Oil Ends Higher on Optimistic US Budget Deal Outlook


NEW YORK, Oct 16 (Reuters) - Crude oil futures rose on Wednesday as it appeared Congress was close to an 11th-hour deal to raise the government's debt ceiling and prevent a default.

The U.S. government shutdown and fiscal deadlock have roiled financial markets and spurred worries about energy demand in the world's largest oil consumer.

The oil market followed the stock market higher on "optimism that something's going to be accomplished" to reopen the U.S. government, said Gene McGillian, oil analyst with Tradition Energy in Stamford, Connecticut.

Major U.S. stock indexes rose as a senior Democratic aide said the Republican-led House of Representatives was expected to pass the Democratic-led Senate's bipartisan deal to end the standoff. U.S. House Republicans were expected to hold a meeting at 3 p.m. (1900 GMT) to discuss the Senate's plan.

Front-month November Brent crude oil futures expired 90 cents higher at $110.86. December Brent ended $1.17 per barrel higher at $110.59.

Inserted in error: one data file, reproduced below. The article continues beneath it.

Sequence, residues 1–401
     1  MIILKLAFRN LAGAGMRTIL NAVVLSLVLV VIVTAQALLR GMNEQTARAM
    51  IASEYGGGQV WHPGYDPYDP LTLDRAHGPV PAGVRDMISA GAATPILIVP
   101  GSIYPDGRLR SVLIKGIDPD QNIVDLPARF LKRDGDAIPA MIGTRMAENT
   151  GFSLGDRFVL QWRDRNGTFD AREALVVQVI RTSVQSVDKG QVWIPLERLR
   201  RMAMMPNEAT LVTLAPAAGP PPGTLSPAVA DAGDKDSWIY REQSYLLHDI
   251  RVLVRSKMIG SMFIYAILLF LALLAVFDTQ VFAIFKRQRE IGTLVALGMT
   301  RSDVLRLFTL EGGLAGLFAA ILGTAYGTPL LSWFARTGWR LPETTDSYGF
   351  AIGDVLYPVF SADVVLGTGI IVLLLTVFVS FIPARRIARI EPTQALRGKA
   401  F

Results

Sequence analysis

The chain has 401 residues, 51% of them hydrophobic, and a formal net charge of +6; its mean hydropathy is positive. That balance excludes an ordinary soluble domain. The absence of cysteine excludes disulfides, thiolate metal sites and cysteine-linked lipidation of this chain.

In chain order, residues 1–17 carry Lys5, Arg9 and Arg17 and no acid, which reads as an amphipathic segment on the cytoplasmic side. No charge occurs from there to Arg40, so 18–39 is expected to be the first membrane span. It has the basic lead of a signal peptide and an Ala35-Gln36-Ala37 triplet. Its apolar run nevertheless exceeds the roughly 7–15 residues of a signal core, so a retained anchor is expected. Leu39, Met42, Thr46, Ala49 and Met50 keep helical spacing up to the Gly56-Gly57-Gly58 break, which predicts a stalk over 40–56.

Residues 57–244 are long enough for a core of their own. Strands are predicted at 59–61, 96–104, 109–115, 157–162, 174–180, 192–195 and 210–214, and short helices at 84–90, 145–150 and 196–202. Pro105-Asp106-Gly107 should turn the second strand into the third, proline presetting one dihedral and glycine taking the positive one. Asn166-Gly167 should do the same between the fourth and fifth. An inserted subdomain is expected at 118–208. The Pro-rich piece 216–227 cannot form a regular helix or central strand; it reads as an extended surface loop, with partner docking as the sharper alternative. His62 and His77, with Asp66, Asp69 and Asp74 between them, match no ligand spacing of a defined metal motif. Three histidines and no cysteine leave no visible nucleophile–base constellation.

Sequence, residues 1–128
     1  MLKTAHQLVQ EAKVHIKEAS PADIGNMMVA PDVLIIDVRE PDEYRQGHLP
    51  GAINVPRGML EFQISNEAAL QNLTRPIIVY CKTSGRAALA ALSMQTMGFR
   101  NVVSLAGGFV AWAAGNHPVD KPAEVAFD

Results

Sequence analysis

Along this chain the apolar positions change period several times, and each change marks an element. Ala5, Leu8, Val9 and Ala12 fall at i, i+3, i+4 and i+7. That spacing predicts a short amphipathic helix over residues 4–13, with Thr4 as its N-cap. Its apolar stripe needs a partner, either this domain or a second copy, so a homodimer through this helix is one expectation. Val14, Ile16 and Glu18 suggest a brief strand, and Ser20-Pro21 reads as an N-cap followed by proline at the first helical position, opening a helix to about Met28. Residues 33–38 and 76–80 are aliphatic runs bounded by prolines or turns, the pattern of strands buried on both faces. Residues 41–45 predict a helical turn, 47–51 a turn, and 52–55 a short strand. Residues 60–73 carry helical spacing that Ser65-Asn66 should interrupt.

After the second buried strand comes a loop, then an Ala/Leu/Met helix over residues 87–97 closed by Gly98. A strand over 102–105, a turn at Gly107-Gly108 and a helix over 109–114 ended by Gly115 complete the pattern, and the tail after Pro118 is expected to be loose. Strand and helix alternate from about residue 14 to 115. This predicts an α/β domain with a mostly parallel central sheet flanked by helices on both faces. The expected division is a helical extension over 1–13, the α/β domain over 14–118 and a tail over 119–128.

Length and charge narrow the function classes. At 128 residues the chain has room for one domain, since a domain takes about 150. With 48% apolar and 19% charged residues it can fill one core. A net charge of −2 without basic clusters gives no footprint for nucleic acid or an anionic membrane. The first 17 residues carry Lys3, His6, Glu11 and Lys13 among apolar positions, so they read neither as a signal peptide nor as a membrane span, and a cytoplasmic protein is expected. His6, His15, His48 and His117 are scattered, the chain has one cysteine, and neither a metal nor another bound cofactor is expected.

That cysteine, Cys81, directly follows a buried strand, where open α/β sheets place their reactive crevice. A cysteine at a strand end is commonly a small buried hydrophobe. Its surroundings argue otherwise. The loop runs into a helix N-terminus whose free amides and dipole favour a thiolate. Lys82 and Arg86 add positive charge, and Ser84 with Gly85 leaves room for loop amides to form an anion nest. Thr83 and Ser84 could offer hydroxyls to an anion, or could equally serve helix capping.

Brent's premium over U.S. oil <CL-LCO1=R> has remained between the 10- and 200-day moving averages of $7.62 and $10.04 for the last seven sessions and settled at $8.57 per barrel.

The U.S. benchmark settled $1.08 per barrel higher at $102.29, after trading as high as $102.97. On Friday, the November U.S. oil futures contract lost its premium over December futures <CLX3-Z3>, and the gap between the two contracts has widened further, by as much as 22 cents.


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